Amid speculation the Bank of England will join the Reserve Bank of New Zealand in developed market central bank interest rate hike game, the CurrencyShares British Pound Sterling Trust (NYSEArca: FXB) has spent a significant portion of 2014 as one of the better-performing currency exchange traded funds.
That bullishness has ebbed dramatically as the pound is mired in a seven-week losing streak, its worst such skid since 2008. Since the start of July, FXB has tumbled 3.4% as currency traders’ enthusiasm for rate hike from BOE has waned.
“Sterling’s world-beating rally came to an end even as minutes of the BOE’s August meeting showed two policy makers voted for a rate increase this month. Forward contracts based on the sterling overnight interbank average, or Sonia, show investors have pushed back bets on a 25 basis-point increase in borrowing costs to May from as early as February last week,” reports Lucy Meakin for Bloomberg.
Sterling’s snapped rally has recently ignited shares of the WisdomTree United Kingdom Hedged Equity Fund (NasdaqGM: DXPS). An easy and accurate way of viewing DXPS is that is to the pound/dollar currency what the WisdomTree Japan Hedged Equity Fund (NYSEArca: DXJ) and the WisdomTree Europe Hedged Equity Fund (NYSEArca: HEDJ) are to the dollar/yen and euro/dollar currency pairs. [Don’t Forget These Currency Hedged ETFs]
So as U.K. equities rallied along side the pound earlier this year DXPS and the rival Deutsche X-Trackers MSCI United Kingdom Hedged Equity ETF (NYSEArca: DBUK) lagged. With the pound ailing, that trend has reversed, sending DXPS higher by 3.5% over the past two weeks.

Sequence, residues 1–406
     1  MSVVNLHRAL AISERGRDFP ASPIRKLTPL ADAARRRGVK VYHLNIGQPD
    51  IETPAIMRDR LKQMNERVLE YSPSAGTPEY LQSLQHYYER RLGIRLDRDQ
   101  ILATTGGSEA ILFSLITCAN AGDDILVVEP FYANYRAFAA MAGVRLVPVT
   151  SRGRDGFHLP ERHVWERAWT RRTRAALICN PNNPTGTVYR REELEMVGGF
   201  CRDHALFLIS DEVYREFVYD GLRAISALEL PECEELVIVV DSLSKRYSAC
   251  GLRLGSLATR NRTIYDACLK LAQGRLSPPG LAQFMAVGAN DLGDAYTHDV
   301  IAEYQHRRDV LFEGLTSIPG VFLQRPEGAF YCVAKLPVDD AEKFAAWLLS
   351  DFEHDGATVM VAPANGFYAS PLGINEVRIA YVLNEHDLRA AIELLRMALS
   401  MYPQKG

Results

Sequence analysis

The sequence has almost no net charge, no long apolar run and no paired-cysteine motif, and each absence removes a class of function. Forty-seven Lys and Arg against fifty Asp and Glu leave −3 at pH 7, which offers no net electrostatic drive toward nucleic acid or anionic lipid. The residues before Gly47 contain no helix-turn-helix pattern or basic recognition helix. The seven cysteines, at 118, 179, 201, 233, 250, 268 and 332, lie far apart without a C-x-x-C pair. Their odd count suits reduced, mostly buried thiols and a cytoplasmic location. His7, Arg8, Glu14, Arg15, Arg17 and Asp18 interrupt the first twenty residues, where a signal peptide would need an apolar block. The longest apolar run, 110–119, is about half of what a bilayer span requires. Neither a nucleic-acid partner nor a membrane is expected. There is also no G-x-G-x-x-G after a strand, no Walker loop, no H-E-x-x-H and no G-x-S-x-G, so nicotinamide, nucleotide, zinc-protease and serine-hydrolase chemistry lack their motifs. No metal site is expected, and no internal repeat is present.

DXPS has its perks beyond the obvious of getting a lift from pound weakness. Those advantages include the ETF being reflective of the U.K.’s status as one of the top developed market dividend destinations outside of the U.S. The ETF’s almost 4.7% distribution yield speaks to that fact. [The Case for British Dividends]
Last year, British companies accounted for 11% of global dividends, a percentage bested only by the U.S.
Additionally, DXPS features an almost 17% allocation to the energy sector, an important trait on both the dividend and valuation front. On a book value basis, or a company’s value after stripping out its liabilities, the MSCI World Energy Index recently closed at a 15% discount to the MSCI World Index of developed markets. The gap compared with an average premium of 2.3 percent since 2000, reports David Wilson for Bloomberg.
Royal Dutch Shell (NYSE: RDS-A) and BP (NYSE: BP) combine for nearly 15% of DXPS’ weight. Those stocks trade at significant price-to-book discounts to Exxon Mobil (NYSE: XOM) and Chevron (NYSE: CVX) while sporting sharply higher dividend yields. [Global Energy ETFs Remain Good Deals]
With some important U.K. data points due out this week, DXPS is worth keeping an eye on. Data will “show U.K. house-price growth stayed at slowest pace in 15 months in August and GfK NOP Ltd.’s sentiment index rose from the lowest level since April, according to the median estimates of economists,” the newswire reported.
WisdomTree United Kingdom Hedged Equity Fund